Figure 1. Generating immortalized bat cell cultures and measuring interferon (IFN)-β mRNA induction.

(A) Primary bat cell cultures were generated from an embryonic kidney of E. helvum. Cell cultures were immortalized by lentiviral transduction of a simian virus 40 large T antigen. Three clonal cell lines (EidNi/41.1, 41.2 and 41.3) were prepared from a mixed culture (EidNi/41) by end point dilution plating. Bars indicate 20 µm. (B) Phylogenetic relationships of different selected bat species for the generation of target gene sequences (adapted from [3]). For the IFN-β gene four species were selected. (C) Alignment of bat IFN-β genes (E. helvum, M. daubentonii, R. cf. landeri, R. aegyptiacus) and positions of primers and probe for a pan-bat real-time RT-PCR. (D) Replication of a Renilla luciferase expressing Rift valley fever virus clone 13 (RVFV 13) in various cell lines (EidNi/41.3, MEF (mouse embryonic fibroblasts), MA104 (African green monkey kidney) and as reference Vero cells at different MOIs. Cells were infected at different ten-fold diluted MOIs (7.5 until 0.000075) and lysed 24 hpi with Renilla lysis buffer (Promega). Replication was detected by Renilla luciferase read-out. Experiments were performed in duplicates. Highest replication was found in Vero cells followed by EidNi/41.3, MEF, MA104 (between10 to 100-fold less compared to Vero cells). (E) IFN-β mRNA transcription was induced by either RVFV 13 infection (MOI 1) or poly IC transfection (5 µg per 6-well). IFN-β and TATA-box binding protein (housekeeping gene) mRNA was quantified by species-specific real-time RT-PCR assays. The fold induction was calculated with the 2−ΔΔCt method.

IFN induction

As already shown for primary cells of the Pteropus species, bat cells can readily secrete IFN upon virus infection or poly IC transfection [13], [14], [38], [39]. However, immortalization of cells can damage cytokine genes and signaling pathways. The reactivity of EidNi/41.3 cells to IFN stimuli was therefore tested. The induction of IFN in EidNi/41.3 cells was stimulated by two methods. First, cells were infected with RVFV 13. This virus mutant lacked its main IFN antagonist, the NSs protein. The capability of this virus to induce IFN upon infection of epithelial cells has been demonstrated [29], [40]. Second, cells were transfected with poly IC [41]. To measure the induction of IFN transcription, a real-time RT-PCR assay for the IFN-β gene was designed. To this end the IFN-β gene was amplified by nested RT-PCR from cultures of a phylogenetically representative range of bats differing in main diet and hunting strategies including the insectivorous M. daubentonii, Pipistrellus spec. (Vespertilionidae), H. cf. caffer/ruber (Hipposideridae),and R. cf. landeri (Rhinolophidae) as well as the frugivorous/nectarivorous R. aegyptiacus and E. helvum (Pteropodidae) (Figure 1B), using primers designed upon alignments of available IFN-β genes from horses, swine, cattle, humans, mice and rats. Real-time RT-PCR primers (see Table S1 for GenBank no. and primer sequences) were placed in sites conserved among bats (Figure 1C). As shown in Figure 1D, EidNi/41.3 cells were readily infected by RVFV 13, and luciferase expression representing virus replication levels was comparable with that in several reference cell cultures including MEF, MA104 and Vero E6 cells. Nevertheless, the induction of the IFN-β gene in a single cycle infection experiment, at an MOI = 1, was approximately 30-fold stronger in EidNi/41.3 cells than in MEF and MA104 cells (Figure 1E). The induction in Vero E6 cells was not examined because of their intrinsic IFN-β gene defect [42], [43]. Interestingly, excessive IFN induction as compared to reference cells was only observed upon virus infection, but not upon poly IC transfection. It was concluded that the capability of EidNi/41.3 cells to react on natural and artificial IFN stimuli had not been affected by immortalization.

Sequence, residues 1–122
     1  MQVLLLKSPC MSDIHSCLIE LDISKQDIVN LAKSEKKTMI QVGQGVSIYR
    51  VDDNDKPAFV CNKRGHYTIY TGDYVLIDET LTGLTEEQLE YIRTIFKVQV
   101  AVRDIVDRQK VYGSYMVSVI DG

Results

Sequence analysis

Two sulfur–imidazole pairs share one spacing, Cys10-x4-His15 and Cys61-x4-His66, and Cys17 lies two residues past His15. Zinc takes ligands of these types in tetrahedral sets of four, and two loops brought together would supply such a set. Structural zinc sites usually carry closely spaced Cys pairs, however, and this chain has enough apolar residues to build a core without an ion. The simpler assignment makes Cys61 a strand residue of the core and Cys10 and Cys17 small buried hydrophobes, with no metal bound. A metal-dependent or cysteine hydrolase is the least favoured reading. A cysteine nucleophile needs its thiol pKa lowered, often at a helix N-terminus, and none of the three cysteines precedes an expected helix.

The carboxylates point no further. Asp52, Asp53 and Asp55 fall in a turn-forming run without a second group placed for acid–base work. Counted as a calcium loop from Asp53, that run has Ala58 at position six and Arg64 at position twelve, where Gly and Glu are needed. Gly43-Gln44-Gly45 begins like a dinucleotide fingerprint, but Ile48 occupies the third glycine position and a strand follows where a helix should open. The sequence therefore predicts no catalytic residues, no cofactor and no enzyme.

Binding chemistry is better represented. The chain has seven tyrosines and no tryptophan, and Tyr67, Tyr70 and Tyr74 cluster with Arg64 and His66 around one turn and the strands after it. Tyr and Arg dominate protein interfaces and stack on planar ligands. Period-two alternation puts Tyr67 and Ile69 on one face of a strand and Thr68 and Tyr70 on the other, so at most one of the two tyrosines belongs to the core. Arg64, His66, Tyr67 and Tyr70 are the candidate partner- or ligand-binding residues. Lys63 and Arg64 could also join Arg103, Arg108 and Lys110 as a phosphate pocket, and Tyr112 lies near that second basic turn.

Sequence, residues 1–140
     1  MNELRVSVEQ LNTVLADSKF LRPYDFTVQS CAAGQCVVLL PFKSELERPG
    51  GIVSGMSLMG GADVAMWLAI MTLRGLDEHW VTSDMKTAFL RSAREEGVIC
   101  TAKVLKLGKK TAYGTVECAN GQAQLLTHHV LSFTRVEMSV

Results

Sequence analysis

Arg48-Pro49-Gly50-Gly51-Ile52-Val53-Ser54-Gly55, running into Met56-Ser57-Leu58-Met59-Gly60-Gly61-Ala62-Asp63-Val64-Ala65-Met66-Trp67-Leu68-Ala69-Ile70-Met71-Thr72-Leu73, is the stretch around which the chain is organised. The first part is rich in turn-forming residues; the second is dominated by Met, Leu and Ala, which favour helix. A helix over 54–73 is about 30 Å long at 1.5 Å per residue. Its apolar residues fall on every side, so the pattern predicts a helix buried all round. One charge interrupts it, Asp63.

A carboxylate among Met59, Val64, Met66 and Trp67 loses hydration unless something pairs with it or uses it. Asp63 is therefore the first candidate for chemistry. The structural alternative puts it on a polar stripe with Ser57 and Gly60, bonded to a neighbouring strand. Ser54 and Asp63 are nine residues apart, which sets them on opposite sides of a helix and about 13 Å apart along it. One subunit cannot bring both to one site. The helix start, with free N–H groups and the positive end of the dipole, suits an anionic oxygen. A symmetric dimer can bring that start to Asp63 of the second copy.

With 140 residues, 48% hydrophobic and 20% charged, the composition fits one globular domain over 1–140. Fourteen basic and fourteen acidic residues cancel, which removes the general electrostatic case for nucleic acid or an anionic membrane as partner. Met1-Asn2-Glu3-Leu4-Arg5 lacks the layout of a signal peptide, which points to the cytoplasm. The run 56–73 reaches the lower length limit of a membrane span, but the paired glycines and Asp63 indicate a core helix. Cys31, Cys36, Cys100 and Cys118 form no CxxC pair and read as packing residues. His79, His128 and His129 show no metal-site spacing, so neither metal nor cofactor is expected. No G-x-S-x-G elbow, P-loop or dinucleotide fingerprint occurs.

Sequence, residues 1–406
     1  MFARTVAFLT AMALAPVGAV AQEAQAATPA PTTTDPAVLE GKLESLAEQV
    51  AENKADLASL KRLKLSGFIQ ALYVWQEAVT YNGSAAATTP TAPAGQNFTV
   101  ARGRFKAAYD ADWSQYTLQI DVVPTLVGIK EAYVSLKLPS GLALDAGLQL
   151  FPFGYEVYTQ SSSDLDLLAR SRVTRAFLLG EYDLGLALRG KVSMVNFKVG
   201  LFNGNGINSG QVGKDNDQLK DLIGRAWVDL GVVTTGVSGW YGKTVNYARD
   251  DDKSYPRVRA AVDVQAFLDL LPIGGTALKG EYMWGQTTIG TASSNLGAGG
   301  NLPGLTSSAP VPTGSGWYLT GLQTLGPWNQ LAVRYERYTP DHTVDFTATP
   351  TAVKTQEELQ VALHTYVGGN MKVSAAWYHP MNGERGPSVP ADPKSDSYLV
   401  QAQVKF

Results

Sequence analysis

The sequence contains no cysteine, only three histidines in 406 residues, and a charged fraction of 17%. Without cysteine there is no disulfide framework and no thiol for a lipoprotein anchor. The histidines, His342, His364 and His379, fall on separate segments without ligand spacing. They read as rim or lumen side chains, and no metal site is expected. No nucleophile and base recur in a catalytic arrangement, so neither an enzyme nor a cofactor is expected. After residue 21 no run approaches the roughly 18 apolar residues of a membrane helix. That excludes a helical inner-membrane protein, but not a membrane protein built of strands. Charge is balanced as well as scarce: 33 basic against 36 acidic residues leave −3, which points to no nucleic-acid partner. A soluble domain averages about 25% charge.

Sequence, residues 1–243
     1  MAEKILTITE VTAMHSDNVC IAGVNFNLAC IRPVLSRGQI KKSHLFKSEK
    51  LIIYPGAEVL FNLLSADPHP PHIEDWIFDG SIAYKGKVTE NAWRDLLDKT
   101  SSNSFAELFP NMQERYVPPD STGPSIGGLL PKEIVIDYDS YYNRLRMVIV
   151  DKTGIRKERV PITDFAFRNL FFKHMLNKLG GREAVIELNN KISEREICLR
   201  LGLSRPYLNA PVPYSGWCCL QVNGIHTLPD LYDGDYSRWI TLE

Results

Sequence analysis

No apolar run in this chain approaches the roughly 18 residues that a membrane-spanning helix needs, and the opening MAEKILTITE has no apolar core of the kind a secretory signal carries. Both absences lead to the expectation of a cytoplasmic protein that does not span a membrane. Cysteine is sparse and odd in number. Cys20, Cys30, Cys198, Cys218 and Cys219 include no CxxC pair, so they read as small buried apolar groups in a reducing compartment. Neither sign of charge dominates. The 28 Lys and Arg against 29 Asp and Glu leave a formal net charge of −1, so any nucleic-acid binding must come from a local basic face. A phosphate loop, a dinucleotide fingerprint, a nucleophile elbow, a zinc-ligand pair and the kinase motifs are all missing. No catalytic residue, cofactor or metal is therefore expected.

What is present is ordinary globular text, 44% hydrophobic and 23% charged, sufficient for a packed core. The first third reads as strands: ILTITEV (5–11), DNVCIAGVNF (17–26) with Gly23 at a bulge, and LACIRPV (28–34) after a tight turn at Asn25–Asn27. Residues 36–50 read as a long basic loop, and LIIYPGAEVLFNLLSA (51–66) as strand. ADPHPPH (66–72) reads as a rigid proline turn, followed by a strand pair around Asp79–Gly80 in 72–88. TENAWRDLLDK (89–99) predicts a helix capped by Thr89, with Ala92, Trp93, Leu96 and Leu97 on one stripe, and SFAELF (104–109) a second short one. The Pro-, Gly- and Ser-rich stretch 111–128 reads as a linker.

Interferon secretion

Since cellular mRNA levels are prone to differential expression over time IFN protein secretion was analyzed next. It was tested whether EidNi/41.3 cells were able to produce and secrete effective doses of type I IFN. To this end it was necessary to compare and calibrate species-specific IFN secretion between primate, rodent, and bat cells, using an appropriate experimental model. To achieve this, a VSV-based IFN bioassay was established.

VSV growth and plaque morphology was compared in all cell lines (Figure 2A). Countable plaques were visible after 2 days post infection (dpi). To obtain a calibration of IFN secretion across species, all cell lines were incubated with gradients of equivalent concentrations of recombinant pan-species IFN and subjected to VSV plaque reduction assays (exemplified for EidNi/41.3 in Figure 2B). The antiviral responses in EidNi/41.3, MEF, and MA104 cells upon equivalent doses of IFN are compared in Figure 2C. EC50 values (amount of pan-species IFN to achieve a 50% VSV plaque reduction) were calculated for all cell lines (Figure 2C). Using this calibration, it was possible to compare the equivalent activity levels of species-specific IFN secreted from each cell line upon stimulation.